KU administrator calls college basketball's new NET system a good replacement for RPI

Kansas guard Malik Newman (14) watches as the Villanova Wildcats are introduced on Saturday, March 31, 2018 at the Alamodome in San Antonio.

College basketball is changing the system it uses to evaluate the strength of its teams for inclusion and seeding in the NCAA Tournament.

But, according to KU administrator Larry Keating, who, for years, has been heavily involved in making the schedule for the KU men’s basketball program, the new system does not figure to have much of an impact on KU.

“Overall, I think the whole concept of this new system is a good idea,” Keating told the Journal-World on Wednesday, a few hours after the NCAA announced the new NCAA Tournament Evaluation Tool (NET) that will replace the RPI. “But I don’t think it’s going to affect us at all. … All they’ve done is take the RPI system, jazz it up with a couple of things and call it the NET.”

According to an NCAA news release announcing the NET as the new it formula in college basketball, the new system will rely on “game results, strength of schedule, game location, scoring margin, net offensive and defensive efficiency and the quality of wins and losses.”

In short, it will factor in everything that fans have debated for years, while incorporating a little of the modern-era analytics that have become a mainstream evaluation tool across all sports.

Despite the changes, Keating said he saw no need for KU to re-evaluate its scheduling practices now or in the future.

“It all produces the same thing,” Keating said.

According to Keating, who is well-versed in all things RPI — the KU administrator cobbled together his first college basketball schedule in 1969 — the only elements of the NET that were not used by the RPI are scoring margin and offensive and defensive efficiency ratings.

Keating said scoring margin had been used in the RPI system but was eliminated because of its inability to accurately reflect the outcome of every game. And, although he himself utilizes analytics made popular by guys like Ken Pomeroy of KenPom.com, and other similar sites, Keating said he was unclear on how the efficiency numbers would factor into the NET rankings or how much weight they would carry.

“How do you compare the offensive and defensive efficiency of a team playing in the America East Conference to that of West Virginia playing in the Big 12?” he said.

The creation of the NET rankings marks the second year in a row that the NCAA has tweaked its college basketball rankings system.

Last year, a new quadrant system that put greater emphasis on success in road games became a much-talked-about tool for predicting which teams would get into the NCAA Tournament and determining which teams belonged.

According to the release, the move to the NET system was approved in late July after months of consultation with the Division I Men’s Basketball Committee, the National Association of Basketball Coaches, top basketball analytics experts and Google Cloud Professional Services.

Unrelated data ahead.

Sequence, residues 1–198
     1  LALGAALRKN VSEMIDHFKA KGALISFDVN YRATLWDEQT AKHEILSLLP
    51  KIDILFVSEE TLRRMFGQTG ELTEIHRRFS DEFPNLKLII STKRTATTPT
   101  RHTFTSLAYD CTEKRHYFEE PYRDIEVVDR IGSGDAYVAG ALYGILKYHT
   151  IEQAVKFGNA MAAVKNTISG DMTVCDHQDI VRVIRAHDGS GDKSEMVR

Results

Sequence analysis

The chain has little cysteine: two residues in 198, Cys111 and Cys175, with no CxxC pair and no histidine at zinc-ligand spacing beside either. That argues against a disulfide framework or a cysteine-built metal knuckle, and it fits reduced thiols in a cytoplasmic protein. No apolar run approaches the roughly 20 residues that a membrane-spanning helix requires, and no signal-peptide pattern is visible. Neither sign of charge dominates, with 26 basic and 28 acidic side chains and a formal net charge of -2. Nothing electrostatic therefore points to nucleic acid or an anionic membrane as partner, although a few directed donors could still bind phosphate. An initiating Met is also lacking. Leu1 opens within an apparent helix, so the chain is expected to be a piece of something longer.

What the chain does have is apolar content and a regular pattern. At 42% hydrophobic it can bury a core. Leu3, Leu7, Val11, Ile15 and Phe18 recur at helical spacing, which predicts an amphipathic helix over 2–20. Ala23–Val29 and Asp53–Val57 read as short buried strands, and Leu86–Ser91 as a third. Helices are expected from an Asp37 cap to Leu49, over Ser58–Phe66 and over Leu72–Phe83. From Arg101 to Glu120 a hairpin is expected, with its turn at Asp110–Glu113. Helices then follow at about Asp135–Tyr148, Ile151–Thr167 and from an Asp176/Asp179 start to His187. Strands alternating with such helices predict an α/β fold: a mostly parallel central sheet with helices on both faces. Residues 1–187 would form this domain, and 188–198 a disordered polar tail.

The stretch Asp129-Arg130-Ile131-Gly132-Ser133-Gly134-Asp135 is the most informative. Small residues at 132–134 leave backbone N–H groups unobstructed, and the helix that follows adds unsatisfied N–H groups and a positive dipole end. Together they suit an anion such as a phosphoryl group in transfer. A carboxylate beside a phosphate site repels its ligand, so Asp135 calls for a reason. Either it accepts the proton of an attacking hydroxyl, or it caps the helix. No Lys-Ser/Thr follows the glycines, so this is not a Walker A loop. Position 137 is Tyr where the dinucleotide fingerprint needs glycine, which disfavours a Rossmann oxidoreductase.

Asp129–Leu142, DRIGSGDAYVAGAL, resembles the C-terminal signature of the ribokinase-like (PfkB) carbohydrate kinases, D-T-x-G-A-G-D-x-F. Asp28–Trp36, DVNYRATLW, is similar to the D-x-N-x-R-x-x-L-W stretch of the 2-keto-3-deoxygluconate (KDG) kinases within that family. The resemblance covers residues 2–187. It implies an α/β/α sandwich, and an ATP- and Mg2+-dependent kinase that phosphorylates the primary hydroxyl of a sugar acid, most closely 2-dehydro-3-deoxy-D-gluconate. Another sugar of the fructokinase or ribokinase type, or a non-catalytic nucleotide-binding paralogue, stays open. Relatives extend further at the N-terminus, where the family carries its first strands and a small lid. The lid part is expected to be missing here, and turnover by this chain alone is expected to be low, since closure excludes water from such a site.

Part of the process to develop NET included taking real data from recent games — including NCAA Tournament games — and analyzing that data from all angles, with the goal being to create a formula that is as accurate as possible and fair in its judgement of team performance.

“What has been developed is a contemporary method of looking at teams analytically, using results-based and predictive metrics that will assist the Men’s Basketball Committee as it reviews games throughout the season,” said Dan Gavitt, senior vice president of basketball for the NCAA. “While no perfect rankings exist, using the results of past tournaments will help ensure that the rankings are built on an objective source of truth.”

While objectivity is the goal of these rankings and others like them, subjectivity will remain an important part of the NCAA Tournament selection process.

Keating said as much on Wednesday and Gavitt referenced it in the NCAA release.

“As has always been the case, the committee won’t solely focus on metrics to select at-large teams and seed the field,” Gavitt said. “There will always be a subjective element to the tournament selection process, too.”

Added Keating, underscoring the difficulty of searching for the perfect system to build the 68-team bracket each March: “There will always be a 69th team and a 70th team that will say, ‘Well, we should be in.’ But I think this is a good move, because it should help them get rid of all of this complaining about, ‘Well, the RPI’s unfair.’”


Len Shaffer

“There will always be a 69th team and a 70th team that will say, ‘Well, we should be in.’ But I think this is a good move, because it should help them get rid of all of this complaining about, ‘Well, the RPI’s unfair.’”

He's absolutely right. Now people will complain about the NET being unfair ...

12 months ago


Marius Rowlanski

Receivers complain that running backs play by different rules when they ground does cause a fumble.

11 months, 2 weeks ago


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